It is the availability of the remedy and the access to the court system that makes it possible for injured victims to seek negotiated settlements of their claims. Without the right to file a lawsuit for just compensation all victims are mere beggars asking for whatever kindness society or the wrongdoer choose to demonstrate. The “tort” law makes the wrongdoers and their insurance companies responsible for the harm that has been done.


The most common “tort” is an act of negligence, which is a failure to act as a reasonable person would act under the circumstances. Negligence is the usual grounds for a lawsuit arising out of injuries received in an automobile collision. The victim commonly alleges that the defendant driver acted negligently and carelessly in failing to stop at a stop sign or in exceeding the speed limit or in making a left turn in the face of oncoming traffic. The same “tort” is also used as a basis for legal responsibility when a victim is injured by slipping on a foreign substance in a grocery store. In fact, it is the usual basis for a medical malpractice claim as well as almost all claims against professionals although the proof of the misconduct of a professional requires special evidence and witnesses.


In order to determine the amount of compensation that is appropriate and just a whole body of law has developed under the general title of “damages”. Basically, our court system allows the recovery of only those items of loss that have already been incurred or are reasonably certain to occur in the future. Speculative damages are not allowed. The most common elements of damages are medical expenses, lost income, pain and suffering, and the loss of the ability to lead and enjoy a normal life.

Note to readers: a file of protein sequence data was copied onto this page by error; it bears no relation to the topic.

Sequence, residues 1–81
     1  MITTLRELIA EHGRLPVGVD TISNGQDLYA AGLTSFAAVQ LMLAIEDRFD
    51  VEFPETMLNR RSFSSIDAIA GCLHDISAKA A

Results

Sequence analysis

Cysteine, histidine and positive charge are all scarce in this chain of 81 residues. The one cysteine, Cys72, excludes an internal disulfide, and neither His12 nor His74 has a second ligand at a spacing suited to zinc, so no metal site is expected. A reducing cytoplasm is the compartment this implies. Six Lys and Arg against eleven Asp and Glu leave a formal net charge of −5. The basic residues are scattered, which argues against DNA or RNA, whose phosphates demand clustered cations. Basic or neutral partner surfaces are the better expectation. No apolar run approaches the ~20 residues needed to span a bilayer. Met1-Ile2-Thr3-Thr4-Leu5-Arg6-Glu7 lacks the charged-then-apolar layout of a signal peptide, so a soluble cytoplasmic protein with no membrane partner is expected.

The complexity of the thousands of reported cases dealing with “damages” demonstrates the myriad circumstances experienced by each victim and the determined efforts of victims to seek full compensation for the true losses and injuries experienced. If a victim believes that a particular loss or injury was caused by the wrongdoer it is likely that the court system has considered such a claim in the past. The reported cases provide guidance for the victim and the victim’s advocate in seeking the fullest economic recovery.


One unique aspect of the field of injury law is the existence of the contingency fee arrangement. This arrangement permits the victim to employ the services of a competent attorney, one capable of pursuing the appropriate legal theories and devoting the necessary financial resources. At a time when the victim cannot normally afford to incur hourly legal charges or to engage expensive investigators or experts, the contingency fee arrangement assures that the victim’s rights can be protected and pursued.

The Supreme Court of Florida and the Florida Bar encourage the use of contingency fee contracts while, at the same time, regulating their terms. The same is true in most other states.

The victim’s lawyer traditionally agrees to charge a fee for services only if the claim is successful and only in an agreed percentage of the economic recovery actually made. When the wrongdoer is usually well represented by professional adjusters, investigators, experts, and defense attorneys, the victim benefits tremendously from the ability to retain a skilled advocate on a contingency fee basis.

The effort to achieve a settlement or award of just compensation as a result of a motor vehicle crash is usually better directed by an experience trial attorney. He generally understands the legal basis for potential claims and the investigative steps necessary to determine their merits. He usually achieves the attention and respect of the wrongdoer and the insurance company to a higher degree than an unrepresented victim.

An initial consultation with a qualified civil trail attorney is normally free. It is a step that victims with significant injuries should take.